Monthly Archives: December 2014

Sir Michael Hordern

Sir Michael Hordern


Born Michael Murray Hordern, and later knighted to Sir Michael Murray Hordern CBE, Sir Michael Hordern became a recent favorite of mine since two or three years ago. Some of Hordern’s work include the Narrator on the original stop-motion “Paddington Bear” series, the voice of Badger on Cosgrove Hall’s adaptation of Kenneth Grahame’s “The Wind in the Willows,” and the voice of the Wiseman on Jim Henson’s “Labyrinth.”

Hordern was an interesting actor. His voice has an unusual range to it which worked out quite well for his work. At one point, he took part in 1981 radio adaptation of J.R.R. Tolkien’s “The Lord of the Rings,” where he voiced as Gandalf. He was noted, at that time, the best person to voice as Gandalf.

I have had the privilege to view a movie he was in called, “The Trouble With Spies,” starring Donald Sutherland and Robert Morley. In this, he plays as a man called Jason Locke, who is a local visitor to the inn where Appleton Porter (Sutherland) was staying. He gave an excellent performance and made the character believable.

Sir Michael Hordern fascinates me, and I hope his work will still be remembered.

Sir Michael Hordern: October 3, 1911- May 2, 1995

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Introduction to Toon Whisperer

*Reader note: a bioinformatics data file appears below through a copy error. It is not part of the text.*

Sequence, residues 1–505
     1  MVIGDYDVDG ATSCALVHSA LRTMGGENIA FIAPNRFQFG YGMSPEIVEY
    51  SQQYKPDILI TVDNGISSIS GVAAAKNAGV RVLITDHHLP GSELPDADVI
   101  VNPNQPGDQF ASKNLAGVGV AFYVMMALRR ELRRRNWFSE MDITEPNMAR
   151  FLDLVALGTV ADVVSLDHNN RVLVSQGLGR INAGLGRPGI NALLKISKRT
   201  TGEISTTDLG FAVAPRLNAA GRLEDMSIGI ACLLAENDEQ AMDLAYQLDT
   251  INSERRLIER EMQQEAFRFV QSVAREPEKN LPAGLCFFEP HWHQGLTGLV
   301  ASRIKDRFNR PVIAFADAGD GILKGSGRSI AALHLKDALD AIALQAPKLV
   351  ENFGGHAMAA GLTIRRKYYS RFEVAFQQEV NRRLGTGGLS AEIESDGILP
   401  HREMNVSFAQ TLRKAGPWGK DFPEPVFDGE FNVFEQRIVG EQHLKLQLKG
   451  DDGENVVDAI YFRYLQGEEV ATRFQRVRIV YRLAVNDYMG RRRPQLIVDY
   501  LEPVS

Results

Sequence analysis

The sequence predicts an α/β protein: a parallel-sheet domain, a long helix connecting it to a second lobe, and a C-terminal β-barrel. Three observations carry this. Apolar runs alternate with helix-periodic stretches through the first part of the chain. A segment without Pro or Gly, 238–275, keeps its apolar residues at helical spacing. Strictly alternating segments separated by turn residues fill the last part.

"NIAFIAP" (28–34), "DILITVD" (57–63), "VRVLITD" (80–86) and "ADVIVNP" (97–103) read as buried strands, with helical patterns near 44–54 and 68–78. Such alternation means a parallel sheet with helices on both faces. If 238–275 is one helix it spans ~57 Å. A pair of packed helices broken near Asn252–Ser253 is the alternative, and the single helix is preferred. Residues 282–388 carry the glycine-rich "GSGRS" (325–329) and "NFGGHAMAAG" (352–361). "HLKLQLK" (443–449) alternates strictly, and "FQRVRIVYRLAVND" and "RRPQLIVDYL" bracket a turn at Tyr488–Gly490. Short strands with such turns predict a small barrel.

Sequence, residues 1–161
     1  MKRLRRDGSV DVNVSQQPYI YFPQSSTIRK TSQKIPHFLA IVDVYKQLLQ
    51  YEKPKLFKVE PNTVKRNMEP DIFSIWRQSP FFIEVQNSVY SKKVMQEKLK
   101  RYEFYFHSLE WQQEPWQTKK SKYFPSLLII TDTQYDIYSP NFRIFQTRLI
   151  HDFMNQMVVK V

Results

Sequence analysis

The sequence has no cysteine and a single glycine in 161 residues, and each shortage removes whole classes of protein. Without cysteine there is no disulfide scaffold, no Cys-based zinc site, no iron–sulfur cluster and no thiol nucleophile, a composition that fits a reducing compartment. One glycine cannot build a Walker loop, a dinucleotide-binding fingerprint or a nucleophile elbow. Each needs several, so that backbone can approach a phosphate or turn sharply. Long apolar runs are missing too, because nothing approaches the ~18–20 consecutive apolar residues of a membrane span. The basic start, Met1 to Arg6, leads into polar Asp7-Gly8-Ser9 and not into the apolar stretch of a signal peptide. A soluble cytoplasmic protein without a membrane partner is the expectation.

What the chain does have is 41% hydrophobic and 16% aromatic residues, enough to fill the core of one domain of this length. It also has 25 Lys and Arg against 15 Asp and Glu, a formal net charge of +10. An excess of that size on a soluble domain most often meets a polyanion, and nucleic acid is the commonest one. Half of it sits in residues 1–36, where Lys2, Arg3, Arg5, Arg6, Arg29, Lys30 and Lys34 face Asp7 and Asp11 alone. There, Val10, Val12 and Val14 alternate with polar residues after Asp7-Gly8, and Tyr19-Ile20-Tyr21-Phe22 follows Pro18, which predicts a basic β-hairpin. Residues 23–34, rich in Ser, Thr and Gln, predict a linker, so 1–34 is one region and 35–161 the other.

The website you are looking at right now may contain scenes of graphic nostalgia and overflowing memories.

This is Toon Whisperer, where I discuss the strangest, yet greatest people in the world: Voice actors. I discuss those that are still living and provide great voices for previous and upcoming characters of today and of yesteryear. I also discuss those that have passed on who have left an impact on not only us, but other voice actors, as they inspired the ones of today to pursue their dreams and follow their own hearts to the world of voice acting.

The way I describe voice actors may be a bit different than what people are normally used to, but nonetheless, I add information and my own words to each actor and say my own praises on their work.

I am also accepting requests of voice actors to discuss, so that I can hear your ideas and share my opinions on them as well. I hope you enjoy your stay here and take to heart the things I jot down.

Jodi Benson

Jodi Benson

Jodi Benson, vocalist

Born Jodi Marie Marzorati, Jodi Benson has been a professional voice actress since she was younger. Notable vocal credits include her has Ariel on “The Little Mermaid,” Patsy Smiles on “Camp Lazlo,” and Barbie on “Toy Story 3.” She has an amazing vocal range, accompanied by a beautiful singing voice.